Basilica de Sant Francesc, Palma de Mallorca (MN)
Antoni MARTORELL (1913 - 2009) ‘Guarda questa offerta’ [4:27]
Antoni MARTORELL ‘Ti esalto’ [3:42]
Michal NOVENKO (b.1962) ‘Good tidings are announced’ [1:04]
Richard STEHLÍK (b.1960) Toccata [2:50]
Michal Novenko (MN) and Arnau Reynés (AR) (organs)
rec. 8-12 May 2006
PRIORY PRCD 1014 [79:46]

Many years ago, probably about 1963, I went to see a primary school friend off on holiday. She and her parents were leaving from Glasgow Renfrew Airport and were bound for Majorca. I remember poring over the atlas with my father looking for this new ‘Morecambe’. A few years earlier, my Auntie Mary and her friend Queenie had visited this Mediterranean paradise and had brought me back a toy drum, a pair of castanets and a packet of stamps for my album featuring General Franco. I still have the drum! Both my school-friend and my aunt were pioneers at the beginning of the post-war package holiday boom. It was to be another forty-odd years before I set foot on one of the Balearic Islands. And it was to Palma Cathedral that I immediately made tracks. Luckily the Gabriel Blancafort organ was playing when I arrived. Although I explored a few more churches, I heard no further music.

Just to expel any doubt, the Balearics are an archipelago of islands in the Western Mediterranean off the eastern coast of Spain. There are four principal islands: Mallorca, Menorca, Ibiza and Formentera. The present two CDs showcase music from the first three islands although it does concentrate on Mallorca and Palma, its main town.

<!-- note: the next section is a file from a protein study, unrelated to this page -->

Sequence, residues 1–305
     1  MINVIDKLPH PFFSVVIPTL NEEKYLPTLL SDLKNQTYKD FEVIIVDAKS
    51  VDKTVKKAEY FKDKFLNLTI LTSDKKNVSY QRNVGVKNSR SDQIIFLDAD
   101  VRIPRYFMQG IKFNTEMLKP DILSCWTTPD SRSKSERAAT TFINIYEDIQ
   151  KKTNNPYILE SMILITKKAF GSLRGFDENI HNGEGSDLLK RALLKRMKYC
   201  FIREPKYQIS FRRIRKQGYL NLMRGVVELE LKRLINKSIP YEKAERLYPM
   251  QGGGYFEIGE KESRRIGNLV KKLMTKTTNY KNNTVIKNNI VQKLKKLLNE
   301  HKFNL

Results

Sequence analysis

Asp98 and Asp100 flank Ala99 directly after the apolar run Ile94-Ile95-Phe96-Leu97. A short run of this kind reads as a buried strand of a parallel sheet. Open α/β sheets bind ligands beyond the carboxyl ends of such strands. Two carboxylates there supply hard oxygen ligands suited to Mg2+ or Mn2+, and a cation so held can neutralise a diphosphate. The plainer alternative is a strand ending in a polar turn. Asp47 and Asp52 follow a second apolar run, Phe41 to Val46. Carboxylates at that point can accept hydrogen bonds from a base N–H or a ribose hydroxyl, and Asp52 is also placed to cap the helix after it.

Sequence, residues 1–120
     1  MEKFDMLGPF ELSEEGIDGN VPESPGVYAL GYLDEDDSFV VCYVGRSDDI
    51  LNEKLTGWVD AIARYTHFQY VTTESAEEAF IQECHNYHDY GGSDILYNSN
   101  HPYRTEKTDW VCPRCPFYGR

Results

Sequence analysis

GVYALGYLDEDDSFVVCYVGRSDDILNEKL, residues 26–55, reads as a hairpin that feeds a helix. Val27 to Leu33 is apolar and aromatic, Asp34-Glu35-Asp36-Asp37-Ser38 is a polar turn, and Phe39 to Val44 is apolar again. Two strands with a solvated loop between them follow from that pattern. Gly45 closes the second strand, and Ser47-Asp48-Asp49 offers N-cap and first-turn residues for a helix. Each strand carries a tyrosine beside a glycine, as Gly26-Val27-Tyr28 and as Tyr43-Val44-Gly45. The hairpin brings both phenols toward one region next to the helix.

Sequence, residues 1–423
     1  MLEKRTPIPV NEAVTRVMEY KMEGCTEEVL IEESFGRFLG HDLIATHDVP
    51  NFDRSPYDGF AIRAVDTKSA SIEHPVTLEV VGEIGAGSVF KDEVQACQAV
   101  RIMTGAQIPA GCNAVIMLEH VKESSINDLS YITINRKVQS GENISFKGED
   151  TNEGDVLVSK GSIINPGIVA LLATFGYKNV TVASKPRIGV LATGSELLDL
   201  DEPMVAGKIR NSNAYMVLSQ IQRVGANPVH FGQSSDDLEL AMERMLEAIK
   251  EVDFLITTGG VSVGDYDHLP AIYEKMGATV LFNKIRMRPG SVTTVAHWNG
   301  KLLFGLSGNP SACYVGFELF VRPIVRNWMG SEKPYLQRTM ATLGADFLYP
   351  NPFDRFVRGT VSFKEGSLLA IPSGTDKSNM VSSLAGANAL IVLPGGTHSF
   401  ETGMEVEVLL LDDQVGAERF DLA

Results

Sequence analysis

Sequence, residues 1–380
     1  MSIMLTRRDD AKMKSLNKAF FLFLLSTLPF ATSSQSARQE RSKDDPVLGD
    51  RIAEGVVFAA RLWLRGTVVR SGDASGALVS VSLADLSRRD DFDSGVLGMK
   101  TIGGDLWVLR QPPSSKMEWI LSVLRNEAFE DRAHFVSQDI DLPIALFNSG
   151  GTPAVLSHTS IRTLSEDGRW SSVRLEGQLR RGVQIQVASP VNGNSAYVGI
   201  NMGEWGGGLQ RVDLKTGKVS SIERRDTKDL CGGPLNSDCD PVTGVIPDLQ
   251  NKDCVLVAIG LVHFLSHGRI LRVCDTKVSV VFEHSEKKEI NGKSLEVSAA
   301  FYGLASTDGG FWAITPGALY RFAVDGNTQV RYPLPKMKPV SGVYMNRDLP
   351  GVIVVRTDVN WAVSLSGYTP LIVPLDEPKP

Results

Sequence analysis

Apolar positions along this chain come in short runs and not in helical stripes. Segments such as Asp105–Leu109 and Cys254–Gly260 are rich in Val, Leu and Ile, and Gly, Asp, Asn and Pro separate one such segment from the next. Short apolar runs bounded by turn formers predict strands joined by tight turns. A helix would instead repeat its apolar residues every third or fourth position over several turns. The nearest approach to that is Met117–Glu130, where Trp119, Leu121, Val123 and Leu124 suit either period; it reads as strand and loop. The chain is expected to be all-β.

Although these two CDs were released in 2009 and 2011, all the recordings were made by Michal Novenko and Arnau Reynés during a five-day sojourn on the islands in May 2006. It must have been a major ‘organ bash’ indeed and one to be envied by most organ enthusiasts.

It is useful to note a few of biographical details about the performers. The Czech-born Michal Novenko (b.1962) studied organ, composition and conducting at the Prague Conservatoire and the Academy of Music and Arts in Prague. At present he is a professor of music at the Conservatoire but also extends his teaching to master-classes at home and abroad. He is widely noted as being an expert in historical organs and has made many recordings of historic instruments. Three of Novenko’s works appear on these CDs – Two Hymn Preludes on Volume 1 are improvisations on Balearic hymn tunes and the short Prelude on ‘Good tidings are announced’ (Volume 2) is based on a Czech carol.